ISSUE 84 | November 11, 2020
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From Around the Region and the State
Economic and Policy News
Two local districts among most underfunded by state 
According to a new analysis from Pennsylvania State University, the Hazleton Area and Greater Nanticoke Area school districts are among the most underfunded districts in Pennsylvania.

The study supports a lawsuit alleging that a majority of the commonwealth’s school districts have funding shortfalls of more than $2,000 per student.

These funding shortfalls are particularly harmful to lower-income communities. 

Students stressed due to COVID-19 and school disruptions
Social service providers in Northeast Pennsylvania have observed that stress and uncertainty from the pandemic are negatively affecting children in the region.

Social isolation, household tension, and disruption from the closing and reopening of schools may exacerbate anxiety and depression among students, and may lead to new health or behavioral issues. 

Pennsylvania at critical point in pandemic
At a recent news conference, Pennsylvania health secretary Dr. Rachel Levine explained that the commonwealth is currently at a “critical point” in the pandemic, urging communities to take precautions such as wearing masks and avoiding gatherings.

Cases in Pennsylvania have increased by more than 70 percent in the last two weeks, and more than half the state’s counties have “substantial” levels of community transmission.

From Around the Nation and the Globe
Economic and Policy News
School nurses are helping students stay well – even virtually
Many children in the United States rely on their school nurses for healthcare, medication, and support, but school closures have made it difficult for them to meet in person.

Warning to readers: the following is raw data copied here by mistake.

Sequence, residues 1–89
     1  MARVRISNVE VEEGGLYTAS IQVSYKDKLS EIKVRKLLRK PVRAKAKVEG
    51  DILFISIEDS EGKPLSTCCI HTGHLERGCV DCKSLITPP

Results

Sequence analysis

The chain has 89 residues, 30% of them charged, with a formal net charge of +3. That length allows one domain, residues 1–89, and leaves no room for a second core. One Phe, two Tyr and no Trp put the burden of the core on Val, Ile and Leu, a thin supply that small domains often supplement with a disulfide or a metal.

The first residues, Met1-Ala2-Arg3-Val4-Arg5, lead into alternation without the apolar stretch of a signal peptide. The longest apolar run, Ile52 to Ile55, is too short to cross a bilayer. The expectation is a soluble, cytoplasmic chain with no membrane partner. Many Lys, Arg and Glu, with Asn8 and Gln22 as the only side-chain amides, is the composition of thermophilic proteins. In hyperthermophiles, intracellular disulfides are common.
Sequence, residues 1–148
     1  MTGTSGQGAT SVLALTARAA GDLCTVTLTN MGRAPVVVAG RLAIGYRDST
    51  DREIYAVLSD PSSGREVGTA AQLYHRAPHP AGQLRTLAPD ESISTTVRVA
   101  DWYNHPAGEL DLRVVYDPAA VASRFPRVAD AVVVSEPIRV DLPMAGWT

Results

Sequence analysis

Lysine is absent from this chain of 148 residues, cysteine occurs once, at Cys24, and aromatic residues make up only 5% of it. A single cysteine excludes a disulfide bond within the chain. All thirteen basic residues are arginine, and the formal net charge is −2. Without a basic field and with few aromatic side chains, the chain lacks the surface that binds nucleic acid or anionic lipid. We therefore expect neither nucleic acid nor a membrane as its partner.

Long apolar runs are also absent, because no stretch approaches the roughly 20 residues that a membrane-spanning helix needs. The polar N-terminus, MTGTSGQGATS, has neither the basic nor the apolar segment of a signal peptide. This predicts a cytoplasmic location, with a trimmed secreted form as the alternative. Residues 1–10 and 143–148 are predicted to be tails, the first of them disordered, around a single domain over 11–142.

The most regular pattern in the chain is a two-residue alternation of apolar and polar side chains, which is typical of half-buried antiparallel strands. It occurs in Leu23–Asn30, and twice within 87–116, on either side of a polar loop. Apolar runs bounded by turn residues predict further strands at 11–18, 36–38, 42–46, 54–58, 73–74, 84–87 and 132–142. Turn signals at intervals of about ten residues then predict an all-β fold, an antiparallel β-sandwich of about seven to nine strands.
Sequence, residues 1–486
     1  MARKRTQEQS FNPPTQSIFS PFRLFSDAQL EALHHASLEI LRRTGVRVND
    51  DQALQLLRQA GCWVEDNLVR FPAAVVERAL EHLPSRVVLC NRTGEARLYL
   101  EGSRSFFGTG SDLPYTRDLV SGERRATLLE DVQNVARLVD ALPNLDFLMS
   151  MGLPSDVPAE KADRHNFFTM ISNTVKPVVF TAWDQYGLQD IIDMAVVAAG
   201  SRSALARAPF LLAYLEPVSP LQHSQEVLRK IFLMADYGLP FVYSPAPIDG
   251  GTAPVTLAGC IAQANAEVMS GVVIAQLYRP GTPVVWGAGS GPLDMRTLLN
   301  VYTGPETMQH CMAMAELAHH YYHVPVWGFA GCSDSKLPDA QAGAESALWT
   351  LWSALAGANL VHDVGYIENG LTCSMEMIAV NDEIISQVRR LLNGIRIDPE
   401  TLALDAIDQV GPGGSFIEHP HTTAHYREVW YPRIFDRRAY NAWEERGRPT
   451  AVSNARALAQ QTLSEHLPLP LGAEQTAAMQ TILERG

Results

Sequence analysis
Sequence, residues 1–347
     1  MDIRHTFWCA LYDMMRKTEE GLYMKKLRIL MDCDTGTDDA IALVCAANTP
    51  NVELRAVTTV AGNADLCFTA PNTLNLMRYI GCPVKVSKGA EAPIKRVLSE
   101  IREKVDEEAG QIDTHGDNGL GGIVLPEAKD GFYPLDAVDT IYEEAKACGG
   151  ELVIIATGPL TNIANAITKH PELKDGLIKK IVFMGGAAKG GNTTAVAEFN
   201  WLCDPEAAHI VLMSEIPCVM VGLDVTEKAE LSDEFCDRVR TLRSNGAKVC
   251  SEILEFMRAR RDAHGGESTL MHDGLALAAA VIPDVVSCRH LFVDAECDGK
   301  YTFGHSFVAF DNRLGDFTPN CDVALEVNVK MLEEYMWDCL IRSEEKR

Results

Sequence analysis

Some districts have adjusted by establishing virtual clinics, and connect with families remotely in order to continue meeting student health needs.

City rents are falling and suburban rents are climbing
Rents have fallen sharply and vacancies have increased in major coastal cities such as New York, Boston, San Francisco, and Seattle.

Meanwhile, rents have been increasing in the suburban areas surrounding those cities. 

These trends are partly driven by the pandemic, which caused many renters to migrate from urban areas as workplaces and amenities closed, although housing market conditions prior to the pandemic may have been factors as well.

Why has COVID-19 been especially harmful for working women?
A new report from the Brookings Institution discusses how COVID-19 has been particularly harmful to working women and mothers in the United States.

Before the pandemic, women – especially Black and Latina women – were disproportionately represented in low-paying jobs, many of which have been disrupted by the coronavirus. 

Women have also taken on more of the childcare responsibilities exacerbated by the pandemic. 

Research Spotlight: Interested in reading more about the pandemic's effect on regional public school education? The Institute recently published a two-part report on this very issue!

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